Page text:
Dr Camille Lobry
Dr Camille LOBRY, Inserm Research Director at the Saint Louis Research Institute (Inserm U944-CNRS UMR7212) and head of the Genetic and epigenetic control of normal and malignant hematopoiesis team, for a seminar entitled:
Super-Enhancers in Acute Myeloid Leukemia pathogenesis.
Acute myeloid leukemia (AML) is a type of cancer that affects the blood and bone marrow. It is characterized by the overproduction of immature white blood cells, called myeloblasts, which can crowd out healthy blood cells and lead to a variety of symptoms, including fatigue, infection, and bleeding. AML is the most common acute leukemia diagnosed in adult and has a high relapse rate with a dismal overall 5-year survival of 24%. AML is a complex disease that is driven by a variety of genetic and epigenetic changes but its exact causes are still not fully understood.
Enhancers are non-coding regions of DNA that play a crucial role in regulating gene expression. They act as binding sites for transcription factors to promote gene transcription. Super-enhancers are clusters of enhancers that are characterized by a high density of transcription factor binding sites. They have been characterized as a particular class of enhancers controlling cell type specific gene expression programs and tend to be enriched around and control oncogenes. In leukemia, enhancers have been shown to be key players in the development and progression of the disease. Identification of the direct functional and physical relationship between Super-Enhancers and their target oncogenes could help decipher complex coordinated gene expression programs that lead to leukemogenesis. Study of the dynamic interplay between enhancers, and gene expression program could unravel novel collaborative oncogenic mechanisms and help design more effective combinatorial therapies.
In a recent study we hypothesized that important regulatory regions such as Super-Enhancers could control simultaneously expression of genes cooperating in functional modules to promote leukemia development. To identify key Super-Enhancers that are involved in AML cell growth and survival, we used a screening methodology called CRISPRi, which relies on the use of a deactivated Cas9 protein fused to a KRAB domain to target and inactivate Super-Enhancers. We deployed this strategy in the ETO2-GLIS2 fusion driven model of acute megakaryoblastic leukemia (AMKL), an aggressive pediatric myeloid leukemia with poor prognosis, which mainly relies on the ETO2-GLIS2 as the transforming lesion. Among the top hits of our screen, we identified a novel Super-Enhancer, located 5’ to the KIT gene on chromosome 4. We found that it directly interacts and regulates the expression of KIT and PDGFRA genes, which are both required for leukemia progression in vitro and in vivo. These results suggest that Super-Enhancers could control simultaneously the expression of genes cooperating in functional modules to promote leukemia development.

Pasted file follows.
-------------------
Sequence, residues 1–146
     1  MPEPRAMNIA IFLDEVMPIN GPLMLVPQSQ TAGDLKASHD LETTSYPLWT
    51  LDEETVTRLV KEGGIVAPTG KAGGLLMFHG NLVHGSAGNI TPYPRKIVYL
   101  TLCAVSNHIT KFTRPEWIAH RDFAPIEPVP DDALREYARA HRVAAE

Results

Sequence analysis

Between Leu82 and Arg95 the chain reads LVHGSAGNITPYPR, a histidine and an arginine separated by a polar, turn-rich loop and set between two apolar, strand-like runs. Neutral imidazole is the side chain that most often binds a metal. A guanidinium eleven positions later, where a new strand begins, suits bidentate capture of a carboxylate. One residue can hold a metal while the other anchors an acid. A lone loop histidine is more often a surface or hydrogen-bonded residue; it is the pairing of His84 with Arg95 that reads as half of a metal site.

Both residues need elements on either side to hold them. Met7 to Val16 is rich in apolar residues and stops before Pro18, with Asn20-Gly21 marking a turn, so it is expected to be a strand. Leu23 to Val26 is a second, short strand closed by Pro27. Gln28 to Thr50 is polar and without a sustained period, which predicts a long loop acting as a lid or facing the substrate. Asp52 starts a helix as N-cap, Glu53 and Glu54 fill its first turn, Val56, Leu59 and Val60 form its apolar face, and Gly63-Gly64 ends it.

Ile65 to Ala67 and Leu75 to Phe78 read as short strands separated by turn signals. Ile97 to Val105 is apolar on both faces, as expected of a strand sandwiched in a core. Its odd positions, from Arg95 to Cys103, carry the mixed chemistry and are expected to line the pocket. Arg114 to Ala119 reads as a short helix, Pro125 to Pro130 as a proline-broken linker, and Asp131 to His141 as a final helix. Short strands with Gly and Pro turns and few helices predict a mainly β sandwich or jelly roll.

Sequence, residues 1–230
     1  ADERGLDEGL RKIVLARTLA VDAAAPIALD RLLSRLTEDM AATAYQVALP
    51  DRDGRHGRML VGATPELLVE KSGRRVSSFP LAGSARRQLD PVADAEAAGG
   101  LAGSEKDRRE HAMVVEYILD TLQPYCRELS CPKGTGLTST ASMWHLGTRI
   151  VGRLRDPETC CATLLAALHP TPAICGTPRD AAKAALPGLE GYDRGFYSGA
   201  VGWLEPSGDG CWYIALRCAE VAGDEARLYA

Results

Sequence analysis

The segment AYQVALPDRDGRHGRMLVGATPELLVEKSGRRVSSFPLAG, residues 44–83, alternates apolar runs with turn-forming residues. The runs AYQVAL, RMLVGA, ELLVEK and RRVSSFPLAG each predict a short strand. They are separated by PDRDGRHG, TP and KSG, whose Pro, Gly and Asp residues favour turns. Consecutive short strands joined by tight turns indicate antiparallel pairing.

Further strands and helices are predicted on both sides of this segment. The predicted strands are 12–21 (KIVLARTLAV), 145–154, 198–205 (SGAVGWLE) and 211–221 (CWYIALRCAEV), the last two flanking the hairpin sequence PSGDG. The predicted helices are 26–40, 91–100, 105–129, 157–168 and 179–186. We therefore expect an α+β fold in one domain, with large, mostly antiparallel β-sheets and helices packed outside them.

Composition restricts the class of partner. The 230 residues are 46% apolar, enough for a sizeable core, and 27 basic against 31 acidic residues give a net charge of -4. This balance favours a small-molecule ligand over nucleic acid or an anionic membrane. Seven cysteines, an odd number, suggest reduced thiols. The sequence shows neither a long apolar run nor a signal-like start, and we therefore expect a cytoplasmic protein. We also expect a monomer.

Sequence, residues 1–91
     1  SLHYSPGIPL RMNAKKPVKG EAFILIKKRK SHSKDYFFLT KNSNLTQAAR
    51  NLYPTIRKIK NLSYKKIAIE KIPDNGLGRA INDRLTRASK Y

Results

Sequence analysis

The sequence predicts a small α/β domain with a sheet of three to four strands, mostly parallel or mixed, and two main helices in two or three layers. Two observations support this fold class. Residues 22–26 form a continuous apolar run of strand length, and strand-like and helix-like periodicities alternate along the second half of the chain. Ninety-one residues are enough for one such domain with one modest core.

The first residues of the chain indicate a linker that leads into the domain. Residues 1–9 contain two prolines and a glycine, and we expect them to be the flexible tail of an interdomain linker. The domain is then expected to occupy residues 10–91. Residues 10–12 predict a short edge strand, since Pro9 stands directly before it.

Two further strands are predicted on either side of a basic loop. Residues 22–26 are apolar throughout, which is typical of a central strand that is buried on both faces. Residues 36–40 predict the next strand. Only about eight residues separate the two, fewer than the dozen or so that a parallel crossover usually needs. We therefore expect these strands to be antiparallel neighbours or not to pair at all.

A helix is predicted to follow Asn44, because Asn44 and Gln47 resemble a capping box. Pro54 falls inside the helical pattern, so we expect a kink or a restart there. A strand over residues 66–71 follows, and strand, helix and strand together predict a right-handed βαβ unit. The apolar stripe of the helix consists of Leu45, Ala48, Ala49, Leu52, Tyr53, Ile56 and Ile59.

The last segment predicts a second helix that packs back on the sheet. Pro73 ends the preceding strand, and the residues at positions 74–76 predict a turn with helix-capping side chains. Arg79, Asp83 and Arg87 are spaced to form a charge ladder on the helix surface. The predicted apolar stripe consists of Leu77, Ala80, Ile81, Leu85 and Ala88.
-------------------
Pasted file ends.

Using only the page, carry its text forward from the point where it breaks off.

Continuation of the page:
Our findings provide new insights into the molecular mechanisms underlying AML pathogenesis and highlight the importance of understanding the role of enhancers and Super-Enhancers in the development and progression of leukemias. We believe that systematic screening of essential Super-Enhancers can reveal coordinated regulation of genes involved in cancer cell transformation and cancer progression and could help to uncover novel therapeutic approaches.